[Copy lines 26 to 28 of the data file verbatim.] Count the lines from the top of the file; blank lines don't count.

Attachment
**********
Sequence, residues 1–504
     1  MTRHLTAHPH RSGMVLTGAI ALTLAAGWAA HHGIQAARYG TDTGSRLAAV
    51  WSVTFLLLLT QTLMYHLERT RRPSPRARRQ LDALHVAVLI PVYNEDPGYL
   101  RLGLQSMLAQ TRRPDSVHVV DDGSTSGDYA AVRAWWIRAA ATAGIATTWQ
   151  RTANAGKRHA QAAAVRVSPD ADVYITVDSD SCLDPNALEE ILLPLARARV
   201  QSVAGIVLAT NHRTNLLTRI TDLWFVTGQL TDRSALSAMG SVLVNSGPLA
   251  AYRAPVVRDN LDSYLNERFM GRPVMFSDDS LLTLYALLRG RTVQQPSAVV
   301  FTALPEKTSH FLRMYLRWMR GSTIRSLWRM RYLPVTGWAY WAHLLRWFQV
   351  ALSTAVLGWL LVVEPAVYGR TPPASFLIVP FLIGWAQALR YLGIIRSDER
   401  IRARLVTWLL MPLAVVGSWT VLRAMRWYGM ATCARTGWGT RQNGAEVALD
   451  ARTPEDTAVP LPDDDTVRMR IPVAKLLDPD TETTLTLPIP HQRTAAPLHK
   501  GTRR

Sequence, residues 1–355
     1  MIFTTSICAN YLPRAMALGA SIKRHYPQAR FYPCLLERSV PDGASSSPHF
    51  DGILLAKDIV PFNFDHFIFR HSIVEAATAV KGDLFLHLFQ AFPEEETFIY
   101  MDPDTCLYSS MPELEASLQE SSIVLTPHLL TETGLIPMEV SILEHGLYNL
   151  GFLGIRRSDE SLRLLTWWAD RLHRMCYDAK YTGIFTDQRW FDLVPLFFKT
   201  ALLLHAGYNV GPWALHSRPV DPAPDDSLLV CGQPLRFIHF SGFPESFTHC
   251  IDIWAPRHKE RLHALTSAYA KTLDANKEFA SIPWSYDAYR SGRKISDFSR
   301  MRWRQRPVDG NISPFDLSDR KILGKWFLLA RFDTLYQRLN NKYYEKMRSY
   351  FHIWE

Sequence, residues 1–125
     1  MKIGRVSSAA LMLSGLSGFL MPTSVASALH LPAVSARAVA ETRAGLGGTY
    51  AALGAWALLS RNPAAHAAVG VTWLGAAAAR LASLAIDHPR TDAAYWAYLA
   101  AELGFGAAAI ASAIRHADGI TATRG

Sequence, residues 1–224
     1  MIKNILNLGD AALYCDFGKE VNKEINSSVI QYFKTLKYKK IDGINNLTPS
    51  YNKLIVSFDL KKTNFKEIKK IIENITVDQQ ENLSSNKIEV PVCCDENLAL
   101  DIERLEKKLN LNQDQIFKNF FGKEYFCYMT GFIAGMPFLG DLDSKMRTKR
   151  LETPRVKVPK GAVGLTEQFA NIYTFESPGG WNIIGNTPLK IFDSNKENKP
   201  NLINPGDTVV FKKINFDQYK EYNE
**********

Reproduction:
Sequence, residues 1–224
     1  MIKNILNLGD AALYCDFGKE VNKEINSSVI QYFKTLKYKK IDGINNLTPS
    51  YNKLIVSFDL KKTNFKEIKK IIENITVDQQ ENLSSNKIEV PVCCDENLAL